In this paper, we conduct a meta-analysis of breakoff rates in mobile web surveys. We test if an optimization of web surveys for mobile devices, invitation mode (SMS vs. e-mail), survey length, expected duration in the invitation, survey design (scrolling vs. paging), prerecruitment, number of reminders, design complexity (grids, drop-down questions, sliders, images, progress indicator), incentives, an opportunity to skip survey questions, and an opportunity to select the preferred mode (PC or mobile web) have an effect on breakoffs. The meta-analysis is based on 14 studies (39 independent samples) conducted using online panels – probability-based and non-probability-based. We found that mobile optimized surveys, email invitations, shorter surveys, using a prerecruitment, more reminders, a less complex design, and an opportunity to choose the preferred survey mode decrease breakoff rates in mobile web surveys. No effect of a scrolling design, incentives, indicating expected duration in the invitation, and an opportunity to skip survey questions were found.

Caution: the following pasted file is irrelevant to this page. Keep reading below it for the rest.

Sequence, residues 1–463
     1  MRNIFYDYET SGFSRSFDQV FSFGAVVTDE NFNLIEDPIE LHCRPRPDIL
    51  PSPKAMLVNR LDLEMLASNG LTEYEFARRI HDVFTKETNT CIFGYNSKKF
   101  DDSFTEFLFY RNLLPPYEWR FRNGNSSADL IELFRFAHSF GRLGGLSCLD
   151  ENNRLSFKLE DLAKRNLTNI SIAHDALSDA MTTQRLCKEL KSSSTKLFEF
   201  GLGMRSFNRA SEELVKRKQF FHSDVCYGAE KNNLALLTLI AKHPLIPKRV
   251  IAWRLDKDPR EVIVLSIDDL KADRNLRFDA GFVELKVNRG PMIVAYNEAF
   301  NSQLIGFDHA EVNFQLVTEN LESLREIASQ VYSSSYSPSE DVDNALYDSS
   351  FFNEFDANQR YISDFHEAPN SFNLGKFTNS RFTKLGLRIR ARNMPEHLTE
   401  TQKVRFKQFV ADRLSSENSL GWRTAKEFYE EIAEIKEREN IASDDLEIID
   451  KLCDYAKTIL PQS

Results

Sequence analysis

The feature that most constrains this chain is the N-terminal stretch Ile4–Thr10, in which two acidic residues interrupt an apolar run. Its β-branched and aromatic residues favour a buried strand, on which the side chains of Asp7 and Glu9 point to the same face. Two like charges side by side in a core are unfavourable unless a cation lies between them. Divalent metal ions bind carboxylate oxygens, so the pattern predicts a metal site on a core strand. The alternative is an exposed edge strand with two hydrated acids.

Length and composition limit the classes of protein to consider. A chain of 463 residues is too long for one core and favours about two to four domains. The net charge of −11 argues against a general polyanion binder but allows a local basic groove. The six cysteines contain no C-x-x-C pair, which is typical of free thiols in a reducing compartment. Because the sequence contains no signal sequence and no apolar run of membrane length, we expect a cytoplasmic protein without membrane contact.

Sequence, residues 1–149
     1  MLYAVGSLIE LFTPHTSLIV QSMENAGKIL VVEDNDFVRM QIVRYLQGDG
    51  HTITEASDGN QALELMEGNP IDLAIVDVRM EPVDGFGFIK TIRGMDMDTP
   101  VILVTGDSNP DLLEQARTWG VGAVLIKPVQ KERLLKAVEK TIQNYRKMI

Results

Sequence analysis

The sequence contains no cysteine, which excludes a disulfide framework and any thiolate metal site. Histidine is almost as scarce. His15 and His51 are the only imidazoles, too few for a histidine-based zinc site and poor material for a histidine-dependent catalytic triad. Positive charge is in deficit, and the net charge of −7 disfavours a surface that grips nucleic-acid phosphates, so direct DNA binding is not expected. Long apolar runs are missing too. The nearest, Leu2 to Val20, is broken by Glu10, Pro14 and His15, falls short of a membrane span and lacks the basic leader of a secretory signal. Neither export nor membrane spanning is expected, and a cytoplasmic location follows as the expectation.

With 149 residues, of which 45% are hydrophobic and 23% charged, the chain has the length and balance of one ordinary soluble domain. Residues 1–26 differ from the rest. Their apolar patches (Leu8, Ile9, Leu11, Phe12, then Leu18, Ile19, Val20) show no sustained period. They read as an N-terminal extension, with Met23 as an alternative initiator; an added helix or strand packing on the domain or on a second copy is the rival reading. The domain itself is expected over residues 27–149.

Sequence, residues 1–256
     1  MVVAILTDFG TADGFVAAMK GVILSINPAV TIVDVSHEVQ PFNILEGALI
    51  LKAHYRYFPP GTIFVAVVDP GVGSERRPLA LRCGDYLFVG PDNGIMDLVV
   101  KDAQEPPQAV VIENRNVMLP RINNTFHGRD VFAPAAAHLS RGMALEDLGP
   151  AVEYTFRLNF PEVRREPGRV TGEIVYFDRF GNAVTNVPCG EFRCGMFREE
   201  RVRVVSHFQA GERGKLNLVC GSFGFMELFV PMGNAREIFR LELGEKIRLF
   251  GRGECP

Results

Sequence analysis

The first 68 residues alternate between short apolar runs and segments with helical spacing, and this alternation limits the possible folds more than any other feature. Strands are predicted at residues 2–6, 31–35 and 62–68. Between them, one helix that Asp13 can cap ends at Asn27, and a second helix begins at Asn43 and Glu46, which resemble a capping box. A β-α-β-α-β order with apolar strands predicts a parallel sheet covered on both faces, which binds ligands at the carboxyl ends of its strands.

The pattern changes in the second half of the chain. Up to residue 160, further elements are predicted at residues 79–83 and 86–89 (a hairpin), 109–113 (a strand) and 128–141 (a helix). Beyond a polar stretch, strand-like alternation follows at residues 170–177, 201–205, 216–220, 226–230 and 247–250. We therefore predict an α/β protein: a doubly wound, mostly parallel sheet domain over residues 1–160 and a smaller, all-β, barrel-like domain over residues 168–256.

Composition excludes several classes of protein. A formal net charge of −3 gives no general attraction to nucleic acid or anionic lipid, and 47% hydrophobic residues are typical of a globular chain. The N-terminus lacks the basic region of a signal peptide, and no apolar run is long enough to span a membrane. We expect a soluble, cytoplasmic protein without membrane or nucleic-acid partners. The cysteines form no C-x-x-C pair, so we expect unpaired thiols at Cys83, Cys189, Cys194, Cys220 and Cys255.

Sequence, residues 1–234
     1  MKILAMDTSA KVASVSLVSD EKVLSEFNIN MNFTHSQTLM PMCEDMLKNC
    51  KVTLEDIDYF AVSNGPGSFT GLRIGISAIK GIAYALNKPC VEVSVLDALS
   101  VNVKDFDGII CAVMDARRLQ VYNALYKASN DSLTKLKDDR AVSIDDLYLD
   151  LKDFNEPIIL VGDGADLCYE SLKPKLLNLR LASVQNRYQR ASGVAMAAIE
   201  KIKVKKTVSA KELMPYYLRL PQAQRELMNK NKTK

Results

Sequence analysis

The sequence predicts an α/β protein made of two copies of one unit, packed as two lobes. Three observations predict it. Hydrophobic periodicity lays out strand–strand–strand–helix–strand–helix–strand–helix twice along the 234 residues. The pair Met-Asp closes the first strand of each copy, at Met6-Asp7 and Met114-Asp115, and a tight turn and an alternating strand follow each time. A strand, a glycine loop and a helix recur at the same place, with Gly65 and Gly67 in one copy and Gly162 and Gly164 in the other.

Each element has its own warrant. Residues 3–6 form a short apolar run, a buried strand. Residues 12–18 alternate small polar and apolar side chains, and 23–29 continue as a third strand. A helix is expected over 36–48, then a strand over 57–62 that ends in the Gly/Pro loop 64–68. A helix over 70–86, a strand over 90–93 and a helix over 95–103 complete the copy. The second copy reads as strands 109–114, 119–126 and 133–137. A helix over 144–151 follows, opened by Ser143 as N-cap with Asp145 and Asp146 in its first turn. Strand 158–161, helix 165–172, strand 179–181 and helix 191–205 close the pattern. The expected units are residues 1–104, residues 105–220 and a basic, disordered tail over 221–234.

There is some evidence that questionnaire design (scrolling or paging) and invitation mode (SMS or e-mail) have an impact on response rates in web surveys completed on personal computers (PCs). This paper examines whether these findings can be generalized to mobile web surveys. First, we explore the effect of scrolling versus paging design on the breakoff rate, item nonresponse, and completion time in mobile web surveys. Second, we investigate which type of invitation and reminder mode (SMS or e-mail) is more effective in terms of producing higher participation rates and maximizing the percentage of respondents who complete the survey via a mobile device rather than a PC. The paper summarizes the results of an experiment conducted among members of a volunteer online access panel in Russia, who were asked to complete the survey using a mobile device. We find that the scrolling design leads to significantly faster completion times, lower (though not significantly lower) breakoff rates, fewer technical problems, and higher subjective ratings of the questionnaire. We also find that SMS invitations are more effective than e-mail invitations in mobile web surveys.